Elton Tsang Wins €1m One Drop for $12.2m

Guy Laliberte's €1m buy-in invitational One Drop Main Event has ended with 35 year old Elton Tsang (described by wsop.com as a "Canadian-born resident of Hong Kong is an entrepreneur with investments in IT, travel agencies, and internet firms) emerging victorious from the 28 entries to earn himself a tidy €11,111,111 ($12.2m) payday.

It would seem that for some reason the event didn't quite attract the number of entries anticipated as several weeks ago it was widely publicized that there had already been some 35 players confirmed whereas in the end just 26 players entered, with two firing two €1m bullets (Laliberte himself and Matchbook CEO Andrew "ClockWyze" Pantling). Nevertheless, the event raised over €3m for the One Drop Foundation, and for that it must be hailed a success.

The tournament was also hailed as a "recreational players only" affair, whereas in reality the likes of Andrew "ClockWyze" Pantling, Mark Teltsher, James Bord, and Tony Bloom all managed to gain entry despite their clear "pro" credentials. As Daniel Negreanu put it "Basically, if Guy wants to let, someone play, he can let them play. It's that simple." Guess so...

In the end, two of those pro players made it to the final six and the payouts. Pantling,  now the CEO of Matchbook started the final day with the chip lead with 8 players left but as it turned out he only just made the money, busting in 6th place after getting short stacked and pushing K3 and losing out to Tsang's A9. Pantling's 6th place prize money of €1.5m was actually less than his entry fees, being as he was one of the players to re-enter on day 1.

Still, at least he didn't bubble the most expensive to enter tournament in history - the dubious honour went to Brandon Steven, who ran his KQ into Cary Katz's AK. Katz himself only lasted one more bust before he too succumbed to Tsang in fifth, winning €1.75m - the Loans Company mogul's biggest cash to date.

Next out was former WSOPE Main Event winner James Bord, who won €2.1m for his fourth place finish after busting at the hands of Anatoly Gurtovoy. Next to go was former producer now high stakes cash game player Rick Salomon, who earned a cool €3m for his third place finish. Three handed play had been all about survival for Salomom and Gurtovoy as by this point Tsang held 100m of the 140m chips in play. Salomon was looking slightly more likely to join Tsang heads-up until his pocket 6's lost all-in to short-stack Gurtovoy's K9 wjen a 9 hit the flop. He held on for several more orbits until eventually he shoved with AJ and lost out to the Russian's AQ. This was Salomon's 2nd cash in a seven-figure entry One Drop event as he finished 4th in 2014's €1m entry WSOP event for $2.8m.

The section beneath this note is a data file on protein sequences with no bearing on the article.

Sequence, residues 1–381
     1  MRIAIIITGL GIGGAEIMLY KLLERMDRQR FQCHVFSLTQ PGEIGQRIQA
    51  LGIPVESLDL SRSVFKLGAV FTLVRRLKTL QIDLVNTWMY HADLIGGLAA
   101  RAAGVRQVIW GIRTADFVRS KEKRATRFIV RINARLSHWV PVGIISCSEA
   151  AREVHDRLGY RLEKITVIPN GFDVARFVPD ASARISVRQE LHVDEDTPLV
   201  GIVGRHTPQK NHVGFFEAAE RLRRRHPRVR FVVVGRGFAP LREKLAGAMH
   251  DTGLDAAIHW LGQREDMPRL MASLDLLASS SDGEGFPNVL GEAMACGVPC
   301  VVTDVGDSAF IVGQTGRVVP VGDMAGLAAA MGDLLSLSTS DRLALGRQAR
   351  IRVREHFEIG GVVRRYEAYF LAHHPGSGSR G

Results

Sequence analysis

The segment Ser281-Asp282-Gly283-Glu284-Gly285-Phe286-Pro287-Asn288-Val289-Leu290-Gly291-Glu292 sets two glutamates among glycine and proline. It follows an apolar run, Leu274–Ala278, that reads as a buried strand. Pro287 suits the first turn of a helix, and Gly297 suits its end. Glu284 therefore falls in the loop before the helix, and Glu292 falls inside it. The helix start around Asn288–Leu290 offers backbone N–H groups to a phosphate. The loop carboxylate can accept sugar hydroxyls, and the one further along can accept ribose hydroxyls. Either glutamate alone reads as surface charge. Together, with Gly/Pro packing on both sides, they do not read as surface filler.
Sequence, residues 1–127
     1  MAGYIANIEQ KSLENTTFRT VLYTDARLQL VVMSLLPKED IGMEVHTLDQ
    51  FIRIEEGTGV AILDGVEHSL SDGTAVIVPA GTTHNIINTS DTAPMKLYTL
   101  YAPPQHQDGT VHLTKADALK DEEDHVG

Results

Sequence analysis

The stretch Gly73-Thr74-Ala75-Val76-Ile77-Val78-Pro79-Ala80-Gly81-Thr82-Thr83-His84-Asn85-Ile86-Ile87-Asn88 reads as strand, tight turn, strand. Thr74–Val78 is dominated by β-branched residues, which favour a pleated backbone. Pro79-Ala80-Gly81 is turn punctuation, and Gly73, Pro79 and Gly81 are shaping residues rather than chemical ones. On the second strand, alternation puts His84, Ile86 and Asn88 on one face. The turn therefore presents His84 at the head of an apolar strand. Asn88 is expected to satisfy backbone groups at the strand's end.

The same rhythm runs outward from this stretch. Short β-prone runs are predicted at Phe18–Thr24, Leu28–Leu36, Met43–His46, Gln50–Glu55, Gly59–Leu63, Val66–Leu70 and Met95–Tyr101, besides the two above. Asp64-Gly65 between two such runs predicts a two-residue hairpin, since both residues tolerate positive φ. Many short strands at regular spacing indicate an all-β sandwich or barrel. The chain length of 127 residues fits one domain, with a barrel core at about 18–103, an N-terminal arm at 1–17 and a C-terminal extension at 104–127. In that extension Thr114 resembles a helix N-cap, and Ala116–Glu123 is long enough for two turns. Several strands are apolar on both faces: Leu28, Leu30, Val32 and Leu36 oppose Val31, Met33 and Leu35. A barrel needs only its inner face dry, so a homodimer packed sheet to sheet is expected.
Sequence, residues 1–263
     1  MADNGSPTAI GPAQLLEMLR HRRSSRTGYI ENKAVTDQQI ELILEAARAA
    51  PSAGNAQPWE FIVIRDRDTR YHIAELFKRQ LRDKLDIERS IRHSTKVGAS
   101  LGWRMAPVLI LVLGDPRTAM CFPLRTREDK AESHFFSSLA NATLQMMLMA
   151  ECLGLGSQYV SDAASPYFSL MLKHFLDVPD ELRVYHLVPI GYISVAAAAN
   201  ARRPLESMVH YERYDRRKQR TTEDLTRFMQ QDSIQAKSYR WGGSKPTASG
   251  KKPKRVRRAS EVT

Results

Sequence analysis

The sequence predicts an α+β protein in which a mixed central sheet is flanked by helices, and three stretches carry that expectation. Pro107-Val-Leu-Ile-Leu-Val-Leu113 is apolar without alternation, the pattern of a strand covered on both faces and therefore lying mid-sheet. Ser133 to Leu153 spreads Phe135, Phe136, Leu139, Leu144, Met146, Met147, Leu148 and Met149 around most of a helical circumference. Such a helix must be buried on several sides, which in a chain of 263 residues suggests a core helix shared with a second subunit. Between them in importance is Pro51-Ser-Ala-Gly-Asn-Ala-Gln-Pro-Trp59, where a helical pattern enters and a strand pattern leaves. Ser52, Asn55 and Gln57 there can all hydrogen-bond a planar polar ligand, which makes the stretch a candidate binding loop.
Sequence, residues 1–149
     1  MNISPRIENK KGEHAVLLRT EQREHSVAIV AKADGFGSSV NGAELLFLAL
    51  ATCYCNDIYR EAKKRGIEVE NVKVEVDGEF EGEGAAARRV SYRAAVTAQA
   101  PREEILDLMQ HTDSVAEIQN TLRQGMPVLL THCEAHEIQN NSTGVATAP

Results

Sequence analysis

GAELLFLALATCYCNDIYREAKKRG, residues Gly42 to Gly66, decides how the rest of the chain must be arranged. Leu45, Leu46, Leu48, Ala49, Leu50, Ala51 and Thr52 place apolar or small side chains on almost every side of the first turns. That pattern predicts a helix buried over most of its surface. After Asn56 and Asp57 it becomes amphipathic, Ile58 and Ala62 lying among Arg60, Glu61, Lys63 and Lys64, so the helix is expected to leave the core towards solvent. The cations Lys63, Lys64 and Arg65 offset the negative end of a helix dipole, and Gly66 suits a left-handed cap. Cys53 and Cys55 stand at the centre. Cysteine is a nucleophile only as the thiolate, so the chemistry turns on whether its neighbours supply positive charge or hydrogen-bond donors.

WIth over a 2:1 chip lead when HU play started, Tsang, who was coached for this event by Italian tourney phenom Mustapha Kanit, was in a commanding position. After reducing Gurtovoy's stack by about 50% during the first 30 hands, the end came in the form of an explosive 46m chip pot.

Both players checked a Qc 3c 4c flop before a betting war emerged on 4th street when the 2h hit the turn. All of Gurtovoy's remaining chips went in the middle after he made a straight on the turn holding Ah 5d. However, Tsang's 6c 5h gave him the higher straight, and the Jc river improved him to a flush. Gurtovoy earned a not inconsiderable €5,427,781 for his second place finish but it was Tsang who took the title and more than double the second place prize money for his victory.

 

 

 

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